If you'll recall, KODACHROME got going some 74 years ago, which means it'll probably die shortly before its milestone 75th birthday. The product first saw commercial success in 1935, but demand of late has dropped drastically as more photographers turn to newer films and memory cards. Today, KODACHROME Film represents just a fraction of one percent of Kodak’s total sales of still-picture films.
Mary Jane Hellyar, President of Kodak’s Film, Photofinishing and Entertainment Group, had this to say about the announcement: "KODACHROME Film is an iconic product and a testament to Kodak’s long and continuing leadership in imaging technology. It was certainly a difficult decision to retire it, given its rich history. However, the majority of today's photographers have voiced their preference to capture images with newer technology – both film and digital. Kodak remains committed to providing the highest-performing products – both film and digital – to meet those needs."
As part of a tribute to KODACHROME Film, Kodak will donate the last rolls of the film to George Eastman House International Museum of Photography and Film in Rochester, which houses the world’s largest collection of cameras and related artifacts. McCurry will shoot one of those last rolls and the images will be donated to Eastman House. To celebrate the film’s storied history, Kodak has created a gallery of iconic images, including the Afghan girl and other McCurry photos, as well as others from professional photographers Eric Meola and Peter Guttman on its website: www.kodak.com/go/kodachrometribute. Special podcasts featuring McCurry and Guttman will also be featured on the website.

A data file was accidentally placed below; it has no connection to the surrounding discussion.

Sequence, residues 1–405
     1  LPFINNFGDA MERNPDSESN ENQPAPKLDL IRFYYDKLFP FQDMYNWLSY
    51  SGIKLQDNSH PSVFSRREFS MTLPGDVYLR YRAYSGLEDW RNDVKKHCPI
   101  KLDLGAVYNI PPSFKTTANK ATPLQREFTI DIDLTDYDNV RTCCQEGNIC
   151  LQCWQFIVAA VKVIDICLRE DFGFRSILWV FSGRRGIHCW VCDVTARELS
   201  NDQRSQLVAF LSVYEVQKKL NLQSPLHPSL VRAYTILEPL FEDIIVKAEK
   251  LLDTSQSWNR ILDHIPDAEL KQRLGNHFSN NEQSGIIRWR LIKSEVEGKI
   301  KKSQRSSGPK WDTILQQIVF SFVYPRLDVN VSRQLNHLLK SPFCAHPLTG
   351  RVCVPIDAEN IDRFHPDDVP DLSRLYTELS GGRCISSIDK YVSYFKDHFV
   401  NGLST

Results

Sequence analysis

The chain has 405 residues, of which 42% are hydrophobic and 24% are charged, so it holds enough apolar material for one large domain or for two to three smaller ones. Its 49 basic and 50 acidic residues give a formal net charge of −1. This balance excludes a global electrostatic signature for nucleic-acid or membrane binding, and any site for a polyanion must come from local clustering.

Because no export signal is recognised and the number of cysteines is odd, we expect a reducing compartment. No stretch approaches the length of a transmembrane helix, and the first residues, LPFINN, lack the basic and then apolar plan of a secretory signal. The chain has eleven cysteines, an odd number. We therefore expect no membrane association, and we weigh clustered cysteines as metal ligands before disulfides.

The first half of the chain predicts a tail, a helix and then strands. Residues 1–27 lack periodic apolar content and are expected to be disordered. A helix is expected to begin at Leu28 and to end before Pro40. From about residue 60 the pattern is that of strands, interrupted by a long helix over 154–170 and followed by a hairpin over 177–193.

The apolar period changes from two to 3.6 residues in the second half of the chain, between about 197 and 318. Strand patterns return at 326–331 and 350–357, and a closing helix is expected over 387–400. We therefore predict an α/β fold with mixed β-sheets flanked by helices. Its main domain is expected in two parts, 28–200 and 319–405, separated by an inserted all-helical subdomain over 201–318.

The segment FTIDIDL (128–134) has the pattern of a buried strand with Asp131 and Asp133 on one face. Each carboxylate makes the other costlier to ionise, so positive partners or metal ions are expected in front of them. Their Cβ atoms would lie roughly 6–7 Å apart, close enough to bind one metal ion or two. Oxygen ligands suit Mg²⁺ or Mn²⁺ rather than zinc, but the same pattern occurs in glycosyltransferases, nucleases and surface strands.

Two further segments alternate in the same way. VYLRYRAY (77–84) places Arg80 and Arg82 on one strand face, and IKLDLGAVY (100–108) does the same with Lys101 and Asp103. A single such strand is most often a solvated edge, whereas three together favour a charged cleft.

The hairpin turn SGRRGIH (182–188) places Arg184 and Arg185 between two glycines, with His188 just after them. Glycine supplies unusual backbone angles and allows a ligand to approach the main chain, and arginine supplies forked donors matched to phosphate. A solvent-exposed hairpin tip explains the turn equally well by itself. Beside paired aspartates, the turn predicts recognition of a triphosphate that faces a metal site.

If you're interested in stocking up, have a listen: Kodak estimates that current supplies of KODACHROME Film will last until early this fall at the current sales pace.